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To Be Both Slave and Soldier

The slave, the survivor, the soldier. These identities are the layered garments encasing my simultaneous vulnerability and power on Oct. 7 and in its aftermath. 
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April 18, 2024
Peter Dazeley/Getty Images

I know Moshe Frydberg mostly from the stories that my father told me about his father.

He was a Jew who moved from the shtetl to the ghetto to Auschwitz to Holon, Israel to Houston, Texas. Moshe told my father of sneaking scraps from his assigned labor in the kitchen to give to others in the camp. My father passed down this fragment and then added his own memory: of his father, a short, dense man, waking up at the crack of dawn, lifting massive sacks of flour onto his back, using his full body to turn thick dough into challah at his Kosher bakery in Houston.

It was these stories and all their implications that I inherited. As a child at the annual Passover seder, when I played the hunched-over slave leaving Egypt with matzah rising on my back as we sang “Avadim hayinu,” we were slaves, I saw Moshe. When I left home and put on the weighted IDF army vest that curled my shoulders forward, I saw Moshe.

And on Oct. 7, again it was Moshe’s image that surfaced through the shock and horror of that day and those that followed.

The slave, the survivor, the soldier. These identities are the layered garments encasing my simultaneous vulnerability and power on Oct. 7 and in its aftermath. 

Oct. 7 was supposed to be Moshe’s story. Mine was built in reaction to it. When Hamas broke the fence into Israel, they broke my story. And not only my story. This period has broken the personal and collective stories of Jews around the world regarding who we are and what keeps us safe in the face of skyrocketing antisemitism, questions around identity and status, and our own pain and concern over the suffering of war.

At a time when the Jewish people’s shoulders are being pulled to slouch, we will zoom out of our current reality to retell the quintessential Jewish story of freedom. 

It is these stories that we will bring with us to the Passover seder. At a time when the Jewish people’s shoulders are being pulled to slouch, we will zoom out of our current reality to retell the quintessential Jewish story of freedom. In this exercise lies an opportunity to uplift ourselves, our families, and our nation. We can do this by telling an intergenerational family story at this year’s seder.

An Intergenerational Story 

“In each and every generation, a person is obligated to see oneself as if they left Egypt, as it is stated (Exodus 13:8); ‘For the sake of this, did the Lord do [this] for me in my going out of Egypt.’”

The story of Exodus articulates who we are, where we come from, and what we yearn for. It is in this story that we find the rituals, values, and set of priorities that guide us through the present. It is in this story that we place this present within the intergenerational narrative that moves us from the past and into the future.

According to psychologists Dr. Marshall Duke and Dr. Robyn Fivush of Emory University, an intergenerational narrative generates coherence in a crisis, and it’s this narrative which is articulated no more clearly than in the Passover Haggadah.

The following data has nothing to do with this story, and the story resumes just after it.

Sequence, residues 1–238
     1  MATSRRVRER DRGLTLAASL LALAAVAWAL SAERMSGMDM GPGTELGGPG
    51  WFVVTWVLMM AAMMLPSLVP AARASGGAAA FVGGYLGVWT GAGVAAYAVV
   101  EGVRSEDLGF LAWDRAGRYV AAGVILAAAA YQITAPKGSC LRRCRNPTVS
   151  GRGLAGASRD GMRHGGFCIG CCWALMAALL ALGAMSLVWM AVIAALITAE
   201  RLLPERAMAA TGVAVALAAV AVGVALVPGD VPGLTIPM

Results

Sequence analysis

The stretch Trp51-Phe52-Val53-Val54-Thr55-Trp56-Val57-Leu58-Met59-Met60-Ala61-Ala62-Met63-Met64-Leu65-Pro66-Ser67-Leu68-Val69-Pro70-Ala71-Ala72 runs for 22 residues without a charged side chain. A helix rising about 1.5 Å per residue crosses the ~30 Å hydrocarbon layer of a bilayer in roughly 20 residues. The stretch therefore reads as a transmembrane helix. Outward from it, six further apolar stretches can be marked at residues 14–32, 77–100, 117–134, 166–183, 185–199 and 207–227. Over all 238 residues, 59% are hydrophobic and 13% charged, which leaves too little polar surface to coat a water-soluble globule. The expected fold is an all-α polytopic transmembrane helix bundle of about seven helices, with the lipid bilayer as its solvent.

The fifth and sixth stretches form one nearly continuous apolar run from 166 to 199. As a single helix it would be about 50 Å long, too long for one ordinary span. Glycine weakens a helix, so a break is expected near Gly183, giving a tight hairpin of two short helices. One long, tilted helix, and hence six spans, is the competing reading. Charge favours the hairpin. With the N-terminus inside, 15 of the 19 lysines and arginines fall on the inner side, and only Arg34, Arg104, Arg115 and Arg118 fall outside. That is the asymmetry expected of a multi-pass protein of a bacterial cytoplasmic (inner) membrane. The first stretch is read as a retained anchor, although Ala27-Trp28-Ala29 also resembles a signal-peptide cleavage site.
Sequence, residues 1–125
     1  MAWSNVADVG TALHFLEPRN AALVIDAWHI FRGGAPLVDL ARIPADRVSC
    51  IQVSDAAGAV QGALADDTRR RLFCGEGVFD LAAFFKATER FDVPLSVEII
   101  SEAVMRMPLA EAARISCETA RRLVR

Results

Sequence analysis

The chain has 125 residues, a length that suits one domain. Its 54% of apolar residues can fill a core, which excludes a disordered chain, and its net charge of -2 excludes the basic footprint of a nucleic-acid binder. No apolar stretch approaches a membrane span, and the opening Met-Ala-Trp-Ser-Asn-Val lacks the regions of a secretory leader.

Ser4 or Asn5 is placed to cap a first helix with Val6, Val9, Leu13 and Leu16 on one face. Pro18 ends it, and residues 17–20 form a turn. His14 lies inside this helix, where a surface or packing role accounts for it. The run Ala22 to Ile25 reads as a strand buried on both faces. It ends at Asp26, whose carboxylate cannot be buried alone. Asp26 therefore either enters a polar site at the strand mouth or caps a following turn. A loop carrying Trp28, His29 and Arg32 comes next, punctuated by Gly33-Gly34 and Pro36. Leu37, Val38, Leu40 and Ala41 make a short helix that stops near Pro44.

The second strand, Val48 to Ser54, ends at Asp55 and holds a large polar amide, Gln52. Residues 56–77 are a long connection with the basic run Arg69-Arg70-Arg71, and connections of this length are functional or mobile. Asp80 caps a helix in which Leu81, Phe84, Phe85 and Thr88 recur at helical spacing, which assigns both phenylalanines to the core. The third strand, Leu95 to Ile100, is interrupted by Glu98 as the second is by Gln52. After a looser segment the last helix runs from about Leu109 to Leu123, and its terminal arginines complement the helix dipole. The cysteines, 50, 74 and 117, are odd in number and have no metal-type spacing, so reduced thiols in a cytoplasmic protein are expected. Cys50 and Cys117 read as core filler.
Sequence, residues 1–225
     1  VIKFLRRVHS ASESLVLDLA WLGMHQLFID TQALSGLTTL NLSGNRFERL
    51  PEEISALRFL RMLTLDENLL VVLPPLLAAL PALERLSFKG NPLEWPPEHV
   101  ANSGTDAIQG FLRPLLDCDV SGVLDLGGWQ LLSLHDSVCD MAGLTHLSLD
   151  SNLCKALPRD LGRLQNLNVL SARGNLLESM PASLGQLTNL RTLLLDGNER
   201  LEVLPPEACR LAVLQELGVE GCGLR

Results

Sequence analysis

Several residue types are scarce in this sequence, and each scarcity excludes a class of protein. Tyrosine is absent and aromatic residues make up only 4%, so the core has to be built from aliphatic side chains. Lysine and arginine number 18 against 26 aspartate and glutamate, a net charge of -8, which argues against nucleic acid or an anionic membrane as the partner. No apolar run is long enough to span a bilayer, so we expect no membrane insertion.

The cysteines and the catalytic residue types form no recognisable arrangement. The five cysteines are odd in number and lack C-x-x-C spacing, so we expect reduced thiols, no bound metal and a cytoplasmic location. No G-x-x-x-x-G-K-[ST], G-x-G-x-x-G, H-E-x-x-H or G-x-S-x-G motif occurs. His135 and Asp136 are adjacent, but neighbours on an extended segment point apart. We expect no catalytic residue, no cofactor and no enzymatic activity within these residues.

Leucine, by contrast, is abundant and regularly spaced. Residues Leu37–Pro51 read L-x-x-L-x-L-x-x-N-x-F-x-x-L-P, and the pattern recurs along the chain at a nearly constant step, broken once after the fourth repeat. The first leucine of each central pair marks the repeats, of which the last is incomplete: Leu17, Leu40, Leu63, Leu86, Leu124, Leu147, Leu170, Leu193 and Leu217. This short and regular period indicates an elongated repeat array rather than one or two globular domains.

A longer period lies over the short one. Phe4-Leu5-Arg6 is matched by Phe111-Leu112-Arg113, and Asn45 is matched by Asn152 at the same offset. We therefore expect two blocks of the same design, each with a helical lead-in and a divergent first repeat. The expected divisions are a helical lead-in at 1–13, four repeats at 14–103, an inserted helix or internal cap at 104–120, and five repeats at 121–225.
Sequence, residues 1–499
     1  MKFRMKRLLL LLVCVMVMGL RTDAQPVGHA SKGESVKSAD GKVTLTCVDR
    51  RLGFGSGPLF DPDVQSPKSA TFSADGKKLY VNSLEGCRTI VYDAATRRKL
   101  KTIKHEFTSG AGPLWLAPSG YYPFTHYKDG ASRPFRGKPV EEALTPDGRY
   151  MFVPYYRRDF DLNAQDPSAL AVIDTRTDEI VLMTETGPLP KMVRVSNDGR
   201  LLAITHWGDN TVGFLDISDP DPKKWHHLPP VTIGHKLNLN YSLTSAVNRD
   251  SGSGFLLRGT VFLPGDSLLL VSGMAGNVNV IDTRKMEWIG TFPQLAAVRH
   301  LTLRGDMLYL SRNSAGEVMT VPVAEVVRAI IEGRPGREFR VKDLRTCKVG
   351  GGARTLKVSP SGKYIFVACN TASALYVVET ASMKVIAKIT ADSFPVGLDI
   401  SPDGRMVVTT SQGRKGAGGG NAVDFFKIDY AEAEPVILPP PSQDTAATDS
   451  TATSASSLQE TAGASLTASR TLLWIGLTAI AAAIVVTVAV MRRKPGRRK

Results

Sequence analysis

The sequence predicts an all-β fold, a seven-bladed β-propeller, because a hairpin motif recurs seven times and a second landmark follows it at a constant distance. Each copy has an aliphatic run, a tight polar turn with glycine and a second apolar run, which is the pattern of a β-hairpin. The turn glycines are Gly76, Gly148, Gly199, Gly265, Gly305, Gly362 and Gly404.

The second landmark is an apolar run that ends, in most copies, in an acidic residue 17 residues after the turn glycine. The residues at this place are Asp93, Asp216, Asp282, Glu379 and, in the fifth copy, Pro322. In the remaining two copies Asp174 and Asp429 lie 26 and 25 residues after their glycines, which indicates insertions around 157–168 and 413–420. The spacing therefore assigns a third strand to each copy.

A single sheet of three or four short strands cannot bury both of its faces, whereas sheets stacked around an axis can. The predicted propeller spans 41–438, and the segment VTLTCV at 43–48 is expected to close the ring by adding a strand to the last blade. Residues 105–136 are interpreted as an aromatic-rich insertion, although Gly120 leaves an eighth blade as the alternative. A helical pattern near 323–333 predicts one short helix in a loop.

“How do you create a narrative that somehow is coherent and allows you to use that information in a way that you can continue to have meaning and purpose in your life?” Fivush recently asked and then answered. “The process of making sense of a senseless trauma begins to shape by placing the event as part of a longer history in which you start to understand the longer arc of the narrative.”

Duke continued, “An event, such as the war, the Holocaust, even as far as Egypt. These are all placed in a grand narrative, which is an oscillating narrative.”

Our family stories ground this oscillating narrative, giving particularity to the values, sense of moral clarity, and resilience that accompany every generation’s highs and lows. 

Duke and Fivush’s research shows that individuals who receive this narrative and build subsequent identity around it have a greater ability to pull themselves toward the light when all around them seems dark. By understanding ourselves as a culmination of layered generations, we can hold multiple truths within a resilient Jewish identity, a resilient Jewish people. 

This year, we will weave our experiences and questions from the last six months into the classic Haggadah text. We will then naturally connect them to the stories we were told, and to the traumas and the gifts that we inherited through these stories. We will then be given a choice that is fully our own regarding how we will pass this story on to the next generation on seder night.

Let’s choose to tell a family story articulating the oscillating nature of what it means to be a Jew. A Jew who is a part of a people with a past, a present, and a future. And a people that carries both weight on our shoulders and the strength to push them back.  A people that cares for our own while never wavering on our commitment to alleviate the suffering of others. A people with deep ties and loyalties to diaspora and homeland.

Let’s pass on a story that leaves us desperately yearning for “Next Year in Jerusalem,” along with the belief that we uniquely have the ability to bring it about.


Tracy Frydberg is the director of the Tisch Center for Jewish Dialogue at ANU: Museum of the Jewish People. The Tisch Center in collaboration with Dr. Robyn Fivush and Dr. Marshall Duke developed an intergenerational family seder guide for Jewish parents, grandparents, community leaders, and beyond to build family resilience and practice hope at the upcoming Passover seder.

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